7 Oral Health Concerns More Common in Seniors

7 Oral Health Concerns More Common in Seniors

Oral health is important for patients of all ages, but there are many problems that become more pressing in older patients. Seniors are more likely to experience trouble with lost teeth, denture care, discoloration, and periodontal disease. Understanding the hazards that are unique to seniors will help you get a better idea of how to address and prevent these issues.

Dry Mouth or Xerostomia

On average, your body should produce more than a quart-and-a-half of saliva each day. This helps break down food, wash away bacteria, prevent tooth decay, and protect against bad breath. If your mouth is too dry, you may experience myriad problems, from minor discomfort to major problems with cavities.

Dry mouth, also known as xerostomia, is caused by many medications that seniors take. Since roughly 90 per cent of people over the age of 65 are on some type of medication, dry mouth is particularly common in this age group. Infections, hormone changes, allergies, and blocked nasal passages can all lead to dry mouth as well.

Bad Breath

Seniors often struggle with bad breath, which can make social situations uncomfortable. It’s important to understand that bad breath isn’t a symptom that stands on its own. There’s an underlying cause that you need to address, which can help you eliminate this issue. Dry mouth and periodontal disease can both contribute to bad breath.

Poor dental hygiene is another leading cause. You should see your dentist twice a year, and brush and floss daily to keep your teeth clean. If you have dentures, make sure you’re as vigilant about cleaning them as you would be about real teeth. Plaque can build up on both dentures and teeth, and this is a major contributor to unpleasant breath.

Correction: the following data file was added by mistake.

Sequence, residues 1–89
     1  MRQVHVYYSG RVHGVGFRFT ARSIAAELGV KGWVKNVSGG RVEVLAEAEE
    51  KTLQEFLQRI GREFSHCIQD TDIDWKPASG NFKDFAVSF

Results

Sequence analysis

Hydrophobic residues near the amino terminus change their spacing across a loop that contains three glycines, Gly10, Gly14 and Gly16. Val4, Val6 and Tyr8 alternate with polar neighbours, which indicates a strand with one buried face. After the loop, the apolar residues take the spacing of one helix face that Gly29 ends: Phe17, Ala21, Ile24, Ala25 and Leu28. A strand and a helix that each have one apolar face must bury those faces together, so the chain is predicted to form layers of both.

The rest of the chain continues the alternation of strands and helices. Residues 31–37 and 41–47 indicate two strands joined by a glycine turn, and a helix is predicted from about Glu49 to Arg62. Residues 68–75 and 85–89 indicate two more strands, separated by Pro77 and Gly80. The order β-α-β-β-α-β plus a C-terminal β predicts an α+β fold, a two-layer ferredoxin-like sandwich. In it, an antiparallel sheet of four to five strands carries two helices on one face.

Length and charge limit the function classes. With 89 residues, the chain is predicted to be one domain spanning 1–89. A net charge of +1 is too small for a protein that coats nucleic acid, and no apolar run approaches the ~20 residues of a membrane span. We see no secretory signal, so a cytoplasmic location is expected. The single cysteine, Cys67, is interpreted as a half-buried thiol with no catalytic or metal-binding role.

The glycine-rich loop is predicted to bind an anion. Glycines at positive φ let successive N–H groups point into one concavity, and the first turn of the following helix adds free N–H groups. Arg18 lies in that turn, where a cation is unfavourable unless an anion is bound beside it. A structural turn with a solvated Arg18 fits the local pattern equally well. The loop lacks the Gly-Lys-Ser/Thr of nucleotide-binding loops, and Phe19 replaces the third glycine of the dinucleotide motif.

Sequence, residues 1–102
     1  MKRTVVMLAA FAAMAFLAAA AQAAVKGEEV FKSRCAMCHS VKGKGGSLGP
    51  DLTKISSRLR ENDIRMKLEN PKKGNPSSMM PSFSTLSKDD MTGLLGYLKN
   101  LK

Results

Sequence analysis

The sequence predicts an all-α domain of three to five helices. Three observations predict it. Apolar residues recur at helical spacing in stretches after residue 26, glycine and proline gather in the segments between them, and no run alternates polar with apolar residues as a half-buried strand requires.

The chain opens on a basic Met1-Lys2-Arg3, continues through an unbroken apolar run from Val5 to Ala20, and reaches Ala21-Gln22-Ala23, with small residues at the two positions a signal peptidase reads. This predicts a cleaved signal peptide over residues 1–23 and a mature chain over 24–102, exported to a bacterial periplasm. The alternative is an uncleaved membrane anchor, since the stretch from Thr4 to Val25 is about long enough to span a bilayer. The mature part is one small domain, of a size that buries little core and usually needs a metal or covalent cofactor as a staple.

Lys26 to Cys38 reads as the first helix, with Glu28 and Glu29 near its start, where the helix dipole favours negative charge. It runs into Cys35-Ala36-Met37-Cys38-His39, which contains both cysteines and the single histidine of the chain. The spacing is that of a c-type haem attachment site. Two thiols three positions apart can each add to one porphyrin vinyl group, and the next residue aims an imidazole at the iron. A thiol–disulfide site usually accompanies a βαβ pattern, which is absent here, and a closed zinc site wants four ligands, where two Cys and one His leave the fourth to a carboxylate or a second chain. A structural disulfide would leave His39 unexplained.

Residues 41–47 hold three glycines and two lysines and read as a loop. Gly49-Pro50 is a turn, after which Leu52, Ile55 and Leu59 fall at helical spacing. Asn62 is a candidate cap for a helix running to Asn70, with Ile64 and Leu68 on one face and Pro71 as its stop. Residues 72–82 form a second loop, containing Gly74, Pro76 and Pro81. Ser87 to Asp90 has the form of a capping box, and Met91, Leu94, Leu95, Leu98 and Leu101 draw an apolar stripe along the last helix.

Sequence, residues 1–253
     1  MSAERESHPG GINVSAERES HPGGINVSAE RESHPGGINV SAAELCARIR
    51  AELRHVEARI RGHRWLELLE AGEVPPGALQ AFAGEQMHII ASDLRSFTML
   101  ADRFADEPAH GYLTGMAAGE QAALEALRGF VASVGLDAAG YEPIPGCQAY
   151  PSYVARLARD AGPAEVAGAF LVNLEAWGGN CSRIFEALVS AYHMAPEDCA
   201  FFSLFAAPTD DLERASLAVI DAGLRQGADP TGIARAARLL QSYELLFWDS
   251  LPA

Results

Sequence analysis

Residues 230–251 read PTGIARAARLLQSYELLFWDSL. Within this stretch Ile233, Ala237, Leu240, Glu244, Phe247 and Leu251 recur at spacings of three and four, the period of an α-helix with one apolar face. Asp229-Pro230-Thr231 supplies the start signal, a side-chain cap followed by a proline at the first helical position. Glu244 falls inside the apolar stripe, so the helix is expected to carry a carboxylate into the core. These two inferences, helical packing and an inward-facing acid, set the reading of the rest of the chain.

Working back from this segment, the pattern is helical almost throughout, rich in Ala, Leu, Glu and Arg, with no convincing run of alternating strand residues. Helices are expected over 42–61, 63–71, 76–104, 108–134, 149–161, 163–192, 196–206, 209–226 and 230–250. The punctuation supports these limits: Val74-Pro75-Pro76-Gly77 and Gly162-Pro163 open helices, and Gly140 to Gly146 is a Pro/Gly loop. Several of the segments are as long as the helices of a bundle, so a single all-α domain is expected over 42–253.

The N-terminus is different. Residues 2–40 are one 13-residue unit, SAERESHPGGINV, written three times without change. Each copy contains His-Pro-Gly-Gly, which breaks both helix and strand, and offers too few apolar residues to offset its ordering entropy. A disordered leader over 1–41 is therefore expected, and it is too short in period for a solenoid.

Tooth Loss

Tooth loss is a common problem among seniors. On average, patients over the age of 65 have 18.9 teeth remaining. Over 27 per cent of seniors have no remaining teeth. Smoking and poor dental hygiene are major contributors to tooth loss in this age group. See your dentist regularly to decrease your chances of losing teeth. If you do lose a tooth, visit your dentist as soon as possible to explore options that will help preserve your ability to eat, talk, and smile comfortably, such as a tooth implant.

Cavities

Over time, it can become easier for cavities to develop in your teeth. This puts seniors at a higher risk. Consuming foods high in sugar will increase your chances of getting cavities. You can help prevent them by limiting sugary drinks and foods, and brushing and flossing your teeth daily. Using an antiseptic mouth rinse will help protect your teeth from cavities as well.

Poor Denture Care

Some people fall victim to the myth that dentures aren’t as delicate as regular teeth. In fact, your dentures require just as much care and attention as real teeth would. You should brush and clean them regularly to avoid damage and discoloration. Plaque can build up on dentures as it would on any other tooth, and this may irritate your gum tissue and lead to gum disease and other problems.

Remove your dentures after every meal and rinse them off to get rid of food particles. Brush your dentures each evening and place them in a cleaning solution to soak. Brush your gums gently with a soft-bristled brush to keep them clean and healthy as well.

Gum Disease

Gum disease is a common problem in the aging population. This can take years to develop, so older citizens are more likely to experience problems with gum disease than younger people are. The best way to prevent gum disease is to practice good oral hygiene. Visit your dentist regularly so you can catch developing gum disease early, before gingivitis develops into periodontitis.

Only 26 per cent of seniors in Canada report seeing a dentist at least once every two years. As many as 16 per cent have not seen a dentist in more than five years. Don’t overlook the importance of professional dental care.

Tooth Discoloration

A slight darkening of the teeth is a natural effect of aging. While proper dental care can help prevent this, some discoloration may be inevitable. Avoid tobacco products, coffee, soda, and tea to help keep your teeth as white as possible. If you’re not happy with the appearance of your teeth, you may want to talk to your dentist about cosmetic services that can help. Tooth whitening services or permanent dental veneers can help you achieve the look you’re after.

As you age, it’s important to keep these potential risks in mind. Getting older may increase some risk factors, but you can still enjoy a bright, healthy smile with the right care and help from your dentist. Our network of dentists will help you find the right one to keep your smile shining at any age.

Copyright Protected - Posted March 1, 2019 - Do Not Copy
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